The film’s narrative enriches the visual aspects, providing high stakes and action-packed thrills with a smattering of romance, charm and humour that complement the dramatic elements without undermining them.

Chris Hemsworth makes a confident return as the iconic Marvel hero and presents a wiser, slightly more seasoned Thor fighting to bring order to the Nine Realms, supported by companions Lady Sif (Alexander) and the ‘Warriors Three’ Volstagg (Ray Stevenson), Hogun (Tadanobu Asano) and replacing Josh Dallas is a post-Chuck Zacahry Levi as Fandral – who sadly is given little to do here.

Natalie Portman again deftly balances the sensitive and intellectual attributes of Jane Foster (who’s not afraid to slap a god in the face) and figures significantly in the grand scheme of things.

Kat Dennings enjoys (and certainly makes the most of) an enlarged role as the zany Darcy, facilitating a number of the film’s fun comical moments some of which also involve a rambling (and nude) Stellan Skarsgard as the previously brainwashed (see Avengers Assemble) Dr. Erik Selvig.

I initially had trepidations about Christopher Eccleston as the vengeful Dark Elf, Malekith (a role that was originally set to be played by Mads Mikkelsen) but I was pleased to find that he executed the part rather well and his performance is bolstered by some good make-up/prosthetic work.

But, once again, the true star of the show is Tom Hiddleston who gives another wicked yet complex turn as Loki, chastised and imprisoned by Odin (Sir Anthony Hopkins).  Hiddleston carries with him a Shakespearean air and could easily carry a film of his own – ‘nuff said.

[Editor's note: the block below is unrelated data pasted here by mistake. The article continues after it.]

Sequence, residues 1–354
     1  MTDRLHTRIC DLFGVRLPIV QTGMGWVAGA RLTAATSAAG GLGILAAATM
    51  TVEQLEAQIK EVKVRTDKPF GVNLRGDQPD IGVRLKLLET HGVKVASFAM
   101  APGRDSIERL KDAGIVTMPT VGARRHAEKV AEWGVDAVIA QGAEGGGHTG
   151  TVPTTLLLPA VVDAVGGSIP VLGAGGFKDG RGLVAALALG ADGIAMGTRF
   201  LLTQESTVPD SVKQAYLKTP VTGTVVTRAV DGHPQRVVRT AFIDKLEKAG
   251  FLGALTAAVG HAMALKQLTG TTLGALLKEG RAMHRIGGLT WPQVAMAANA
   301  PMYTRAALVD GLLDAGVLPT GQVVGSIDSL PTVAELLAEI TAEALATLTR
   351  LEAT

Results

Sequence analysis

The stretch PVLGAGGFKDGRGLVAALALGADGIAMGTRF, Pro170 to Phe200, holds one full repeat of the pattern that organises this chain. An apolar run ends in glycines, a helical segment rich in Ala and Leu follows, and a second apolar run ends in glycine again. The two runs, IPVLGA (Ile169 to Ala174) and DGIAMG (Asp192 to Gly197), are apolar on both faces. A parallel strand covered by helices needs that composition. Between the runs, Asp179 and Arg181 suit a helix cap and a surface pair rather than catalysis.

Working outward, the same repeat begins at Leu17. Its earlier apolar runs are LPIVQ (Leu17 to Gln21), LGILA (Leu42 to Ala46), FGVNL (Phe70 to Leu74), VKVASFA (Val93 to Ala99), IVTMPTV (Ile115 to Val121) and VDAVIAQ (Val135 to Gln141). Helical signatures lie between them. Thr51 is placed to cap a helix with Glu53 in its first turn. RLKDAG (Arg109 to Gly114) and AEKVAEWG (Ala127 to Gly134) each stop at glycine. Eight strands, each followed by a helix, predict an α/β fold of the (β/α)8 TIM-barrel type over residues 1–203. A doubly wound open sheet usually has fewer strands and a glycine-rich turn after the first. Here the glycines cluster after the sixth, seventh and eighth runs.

So, ultimately, is The Dark World better than the first Thor?  Quite possibly is all I can say for now, as I’ve said it’s certainly bigger in scope and the threat is a sizeable and substantial one but I do have a weakness for heroic origin stories and feel that there is perhaps more emotional resonance within Branagh’s film.  All in all though it’s another reliable hit from Marvel Studios and whilst I may favour other Marvel characters, I’ll always be open to the odd trip to Asgard.

The bottom line:  Thor: The Dark World is an epic, exciting and fun piece of comic book entertainment and serves up healthy doses of all you would expect from a Marvel film.  Ensure you stay for both the mid-credits and post-credits scenes!

Thor: The Dark World is in cinemas across the UK now and is released in the States on 8th November.

What did you think of Thor: The Dark World?  Share your spoiler-free thoughts below!

Marvel's mighty thunder god returns confidently in Marvel Studios' 'Thor: The Dark World'.

Marvel’s mighty thunder god returns confidently in Marvel Studios’ ‘Thor: The Dark World’.